By Lee Tae-hoon
Opposition parties Sunday vowed to block the National Assembly’s endorsement of the revised free trade deal (FTA) with the United States, saying the government has made excessive concessions in the “humiliating negotiation”.
Citing a report, Sohn Hak-kyu, chairman of the main opposition Democratic Party (DP), estimated that Seoul made concessions worth 3 trillion won ($2.64 billion) to Washington in return for new demands worth 300 billion won.
The DP leader said that his party is mulling over whether to demand a complete revision of the bilateral trade deal in an attempt to seek revisions in the ratchet clause that bars going back to the pre-FTA days and the investor-state dispute (ISD) system, which allows investors to file suits against each other’s government for possible unfair treatment.
DP floor leader Park Jie-won said his party will join forces with civic groups and other opposition parties, including the Liberty Forward Party (LFP), to address the problems of the revised bilateral trade deal in an attempt to block its parliamentary ratification.
“Our party cannot tolerate the disgraceful negotiation process and will not accept the lopsided deal,” Park said shortly after Trade Minister Kim Jong-hoon’s briefing on the results of the FTA renegotiation.
Opposition parties pointed out that the timing of the renegotiation was ill-guided as it took place when the nation’s security heavily depends on U.S. forces and inter-Korean tensions reached a new peak due to Pyongyang’s artillery attack on Yeonpyeong Island on Nov. 23.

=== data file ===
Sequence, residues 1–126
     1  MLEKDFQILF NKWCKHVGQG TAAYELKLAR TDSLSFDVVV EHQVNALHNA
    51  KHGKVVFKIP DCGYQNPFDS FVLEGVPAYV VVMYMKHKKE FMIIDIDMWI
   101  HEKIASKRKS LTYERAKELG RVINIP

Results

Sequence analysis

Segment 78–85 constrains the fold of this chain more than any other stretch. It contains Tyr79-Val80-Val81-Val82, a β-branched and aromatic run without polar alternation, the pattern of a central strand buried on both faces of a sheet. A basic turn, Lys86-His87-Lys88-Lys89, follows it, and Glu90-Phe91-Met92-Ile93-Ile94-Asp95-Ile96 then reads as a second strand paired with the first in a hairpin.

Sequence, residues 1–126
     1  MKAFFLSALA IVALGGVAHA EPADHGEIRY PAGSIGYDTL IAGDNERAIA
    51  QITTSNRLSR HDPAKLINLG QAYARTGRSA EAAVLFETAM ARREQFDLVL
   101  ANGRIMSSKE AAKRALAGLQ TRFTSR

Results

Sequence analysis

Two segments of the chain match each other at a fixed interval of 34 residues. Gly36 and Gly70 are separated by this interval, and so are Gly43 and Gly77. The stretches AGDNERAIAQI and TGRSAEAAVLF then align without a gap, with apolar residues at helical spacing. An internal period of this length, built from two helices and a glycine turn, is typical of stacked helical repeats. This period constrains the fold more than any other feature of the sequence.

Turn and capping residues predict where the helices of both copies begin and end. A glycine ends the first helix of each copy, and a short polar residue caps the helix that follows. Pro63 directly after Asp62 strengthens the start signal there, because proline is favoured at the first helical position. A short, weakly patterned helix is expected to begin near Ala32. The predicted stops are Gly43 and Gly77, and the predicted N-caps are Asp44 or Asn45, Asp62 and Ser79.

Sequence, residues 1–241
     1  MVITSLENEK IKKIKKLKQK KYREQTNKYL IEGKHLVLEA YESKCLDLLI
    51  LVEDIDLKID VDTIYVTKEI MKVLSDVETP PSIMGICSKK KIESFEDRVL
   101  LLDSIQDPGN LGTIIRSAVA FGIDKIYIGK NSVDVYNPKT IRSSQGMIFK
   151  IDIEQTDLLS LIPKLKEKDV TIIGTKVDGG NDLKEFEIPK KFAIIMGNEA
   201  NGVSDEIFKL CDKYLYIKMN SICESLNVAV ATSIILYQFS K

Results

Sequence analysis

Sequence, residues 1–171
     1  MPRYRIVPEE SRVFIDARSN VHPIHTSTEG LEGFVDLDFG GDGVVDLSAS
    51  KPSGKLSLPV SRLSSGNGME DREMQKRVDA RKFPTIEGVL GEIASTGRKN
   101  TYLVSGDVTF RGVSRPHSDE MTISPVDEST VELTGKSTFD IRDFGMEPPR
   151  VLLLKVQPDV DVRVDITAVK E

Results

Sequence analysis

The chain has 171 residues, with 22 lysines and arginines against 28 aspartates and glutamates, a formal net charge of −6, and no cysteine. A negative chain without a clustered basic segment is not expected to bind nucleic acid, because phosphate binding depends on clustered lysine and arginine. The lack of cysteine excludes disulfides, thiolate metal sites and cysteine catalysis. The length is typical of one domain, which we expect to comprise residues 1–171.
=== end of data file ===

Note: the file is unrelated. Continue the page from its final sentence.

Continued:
“The government failed to protect the nation’s interests by holding the talks at a time when it desperately needs military cooperation from the United States,” the LFP said in a statement.
The governing Grand National Party (GNP) urged opposition parties to support the parliamentary approval of the revised free trade deal, claiming that it was a "win-win" situation for both countries.
"We see the deal as a mutually beneficial accord for both countries," said Rep. Ahn Hyoung-hwan, spokesman of the GNP, said.
"The GNP will make the utmost efforts to have the FTA pass smoothly at the National Assembly.”
Ahn noted, though Seoul made concessions in the auto industry, that Seoul has also produced substantial “practical gains" from it, such as Washington’s concessions to extend a 25 percent tariff on U.S. pork imports to 2016, two years later than the previous deadline.
He claimed that it would not deal a severe blow to domestic automakers, given that U.S. cars have a small market share in Korea anyway.